The Chinese economic miracle was based on, among several other factors, very low labour costs. In the stone industry it has always been assumed that with these labour costs (around US$100 per month a few years ago) no one could ever hope to compete with China in semi-processed and processed stone. If your products in natural stone were going to compete with those made by cheap Chinese labour, most of the time the foreign factory owners ended up concluding there was no point in even trying to compete. In some segments, very superior quality became an important differentiator for some foreign companies, or some exclusive stone not available to the Chinese, but the battle for volume was generally considered lost. Now guess what? In 2013 most multinationals do not consider China to be a low labour cost country anymore. Annual salaries have been increasing by 25 to 30% in recent years, and many stone factories in places like Xiamen are finding it difficult to even find workers willing to work in the stone industry. The Chinese stone industry has started making the massive changes needed to reflect the new reality and automate their processes.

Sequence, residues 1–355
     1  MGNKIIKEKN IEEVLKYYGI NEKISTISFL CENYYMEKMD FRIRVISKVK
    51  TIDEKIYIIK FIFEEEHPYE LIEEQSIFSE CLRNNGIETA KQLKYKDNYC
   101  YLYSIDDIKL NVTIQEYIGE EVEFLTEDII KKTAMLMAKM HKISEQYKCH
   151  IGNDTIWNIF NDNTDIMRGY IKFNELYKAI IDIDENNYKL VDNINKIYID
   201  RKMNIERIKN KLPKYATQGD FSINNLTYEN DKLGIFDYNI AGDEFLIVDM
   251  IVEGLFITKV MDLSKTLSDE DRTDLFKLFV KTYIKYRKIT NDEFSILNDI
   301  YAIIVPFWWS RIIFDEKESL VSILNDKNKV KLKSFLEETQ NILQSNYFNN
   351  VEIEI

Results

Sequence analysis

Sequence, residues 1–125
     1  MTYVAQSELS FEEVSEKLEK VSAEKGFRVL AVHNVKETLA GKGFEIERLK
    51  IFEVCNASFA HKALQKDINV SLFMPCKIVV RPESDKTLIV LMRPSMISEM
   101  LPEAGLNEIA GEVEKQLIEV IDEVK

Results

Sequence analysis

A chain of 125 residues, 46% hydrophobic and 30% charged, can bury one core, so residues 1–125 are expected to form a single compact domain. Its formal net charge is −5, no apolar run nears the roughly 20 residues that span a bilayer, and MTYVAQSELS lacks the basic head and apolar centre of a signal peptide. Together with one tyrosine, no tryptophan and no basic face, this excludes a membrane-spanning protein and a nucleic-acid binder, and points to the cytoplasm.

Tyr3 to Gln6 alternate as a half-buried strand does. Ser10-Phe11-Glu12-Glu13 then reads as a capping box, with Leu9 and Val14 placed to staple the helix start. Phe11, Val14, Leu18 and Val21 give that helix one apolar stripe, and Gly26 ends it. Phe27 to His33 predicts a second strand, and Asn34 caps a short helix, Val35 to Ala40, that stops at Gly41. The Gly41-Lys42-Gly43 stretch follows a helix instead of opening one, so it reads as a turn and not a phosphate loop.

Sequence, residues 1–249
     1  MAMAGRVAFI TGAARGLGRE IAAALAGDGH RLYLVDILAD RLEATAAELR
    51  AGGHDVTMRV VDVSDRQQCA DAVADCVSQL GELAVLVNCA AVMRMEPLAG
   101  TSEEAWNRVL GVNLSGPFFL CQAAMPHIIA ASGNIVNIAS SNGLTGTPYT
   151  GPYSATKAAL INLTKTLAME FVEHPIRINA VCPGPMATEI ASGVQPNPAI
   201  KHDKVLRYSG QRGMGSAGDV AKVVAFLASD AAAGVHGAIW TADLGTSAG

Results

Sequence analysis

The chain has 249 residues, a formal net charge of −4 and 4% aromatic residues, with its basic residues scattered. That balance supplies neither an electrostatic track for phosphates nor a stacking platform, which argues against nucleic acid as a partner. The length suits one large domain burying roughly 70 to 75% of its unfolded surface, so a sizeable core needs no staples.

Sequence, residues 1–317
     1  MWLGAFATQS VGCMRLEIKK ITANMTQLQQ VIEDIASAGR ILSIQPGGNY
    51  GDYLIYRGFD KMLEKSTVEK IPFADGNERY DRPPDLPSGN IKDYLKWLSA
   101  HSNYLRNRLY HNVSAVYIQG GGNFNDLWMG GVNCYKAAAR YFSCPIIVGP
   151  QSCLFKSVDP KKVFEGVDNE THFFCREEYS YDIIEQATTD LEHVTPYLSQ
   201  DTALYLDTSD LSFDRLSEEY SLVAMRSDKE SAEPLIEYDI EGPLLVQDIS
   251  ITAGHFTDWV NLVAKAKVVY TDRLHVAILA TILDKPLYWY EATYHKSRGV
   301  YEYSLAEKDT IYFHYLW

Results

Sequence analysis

3) Unlimited growing demand, year after year, due to extraordinary growth of the economy.